BBC NEWS Americas Africa Europe Middle East South Asia Asia Pacific
BBCi NEWS   SPORT   WEATHER   WORLD SERVICE   A-Z INDEX     

BBC News World Edition
 You are in: Entertainment  
News Front Page
Africa
Americas
Asia-Pacific
Europe
Middle East
South Asia
UK
Business
Entertainment
Science/Nature
Technology
Health
-------------
Talking Point
-------------
Country Profiles
In Depth
-------------
Programmes
-------------
BBC Sport
BBC Weather
SERVICES
-------------
EDITIONS
Friday, 11 October, 2002, 11:22 GMT 12:22 UK
Electronic guides to 'revolutionise' radio
Digital radio
The information will appear on digital radio screens
Radio listeners are to be offered a completely new way of selecting programmes.

Capital Radio, Chrysalis Radio and UBC Media Group are set to launch the world's first electronic programme guide on Monday.

It can be used free of charge by owners of digital radio sets, which are equipped with small screens traditionally providing basic information such as the name of a song currently playing.

The electronic programme guide will give consumers a rich experience which will completely transform radio listening

Simon Cole, UBC Media chief executive

But the new guide will allow the screens to reveal much more.

Listeners will be able to browse programming schedules, choose which programmes to listen to or record and read extra information about artists and concerts.

UBC spent 18 months developing the guide. Other broadcasters who want their programme details listed will have to buy a licence from UBC.

The service has a potential audience of 22.5 million, which includes the current number of people in the UK with access to digital radio and those who intend to get it.

UBC Media chief executive Simon Cole said the new programme will provide listeners with "a rich experience which will completely transform radio listening".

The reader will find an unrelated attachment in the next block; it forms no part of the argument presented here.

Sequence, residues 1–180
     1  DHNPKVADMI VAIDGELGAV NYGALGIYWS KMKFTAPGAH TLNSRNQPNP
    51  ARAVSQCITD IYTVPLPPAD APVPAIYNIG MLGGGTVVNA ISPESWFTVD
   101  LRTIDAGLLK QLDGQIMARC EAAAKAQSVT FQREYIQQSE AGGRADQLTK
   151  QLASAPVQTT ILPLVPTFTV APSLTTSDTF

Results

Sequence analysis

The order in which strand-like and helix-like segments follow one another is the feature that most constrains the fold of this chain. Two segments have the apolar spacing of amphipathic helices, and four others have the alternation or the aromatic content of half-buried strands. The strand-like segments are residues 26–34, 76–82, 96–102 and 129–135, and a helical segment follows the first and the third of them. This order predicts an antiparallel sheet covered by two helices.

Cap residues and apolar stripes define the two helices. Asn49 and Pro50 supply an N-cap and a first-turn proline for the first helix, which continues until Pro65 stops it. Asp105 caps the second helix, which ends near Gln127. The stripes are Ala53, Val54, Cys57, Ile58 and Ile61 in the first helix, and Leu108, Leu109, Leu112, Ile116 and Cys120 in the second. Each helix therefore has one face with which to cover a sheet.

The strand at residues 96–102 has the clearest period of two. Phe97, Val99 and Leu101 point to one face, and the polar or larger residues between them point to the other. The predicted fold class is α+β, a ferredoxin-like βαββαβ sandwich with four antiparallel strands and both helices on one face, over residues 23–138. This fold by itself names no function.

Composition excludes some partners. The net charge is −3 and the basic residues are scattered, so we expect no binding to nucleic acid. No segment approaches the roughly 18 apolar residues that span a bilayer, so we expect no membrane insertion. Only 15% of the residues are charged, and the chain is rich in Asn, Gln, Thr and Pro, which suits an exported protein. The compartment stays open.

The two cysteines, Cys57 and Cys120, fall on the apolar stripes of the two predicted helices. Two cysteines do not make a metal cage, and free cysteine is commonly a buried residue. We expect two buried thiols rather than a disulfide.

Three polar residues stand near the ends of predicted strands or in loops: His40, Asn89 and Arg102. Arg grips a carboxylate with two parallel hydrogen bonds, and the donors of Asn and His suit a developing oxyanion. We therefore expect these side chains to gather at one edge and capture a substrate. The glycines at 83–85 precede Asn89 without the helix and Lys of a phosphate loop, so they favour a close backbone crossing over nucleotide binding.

Better sound

Digital radio provides improved sound quality and a more extensive selection of programmes.

It is far easier to use than traditional radio, does not suffer from interference and as you travel around in a car there is no need to keep retuning.

Pure Evoke 1 digital radio
The screen of the Evoke radio is too small for the new guide
It is considered the future of radio in the UK because the government plans to switch off the current system.

But the high price of digital sets has slowed the technology's spread.

Last year saw high street prices range from around 349 to 1200 for in-car and 450 to 2300 for hi-fi systems.

The launch earlier this year of a 99 model has seen it grow. There are now 28,000 back orders for the Evoke set.

The Evoke will not, however, be able to use the new electronic programme guide because its screen is too small.


BBC Three debut

New radio

Other new TV

Background

YOUR VIEWS

WEBSITES
See also:

01 May 02 | Entertainment
Internet links:


The BBC is not responsible for the content of external internet sites

Links to more Entertainment stories are at the foot of the page.


E-mail this story to a friend

Links to more Entertainment stories

© BBC ^^ Back to top

News Front Page | Africa | Americas | Asia-Pacific | Europe | Middle East |
South Asia | UK | Business | Entertainment | Science/Nature |
Technology | Health | Talking Point | Country Profiles | In Depth |
Programmes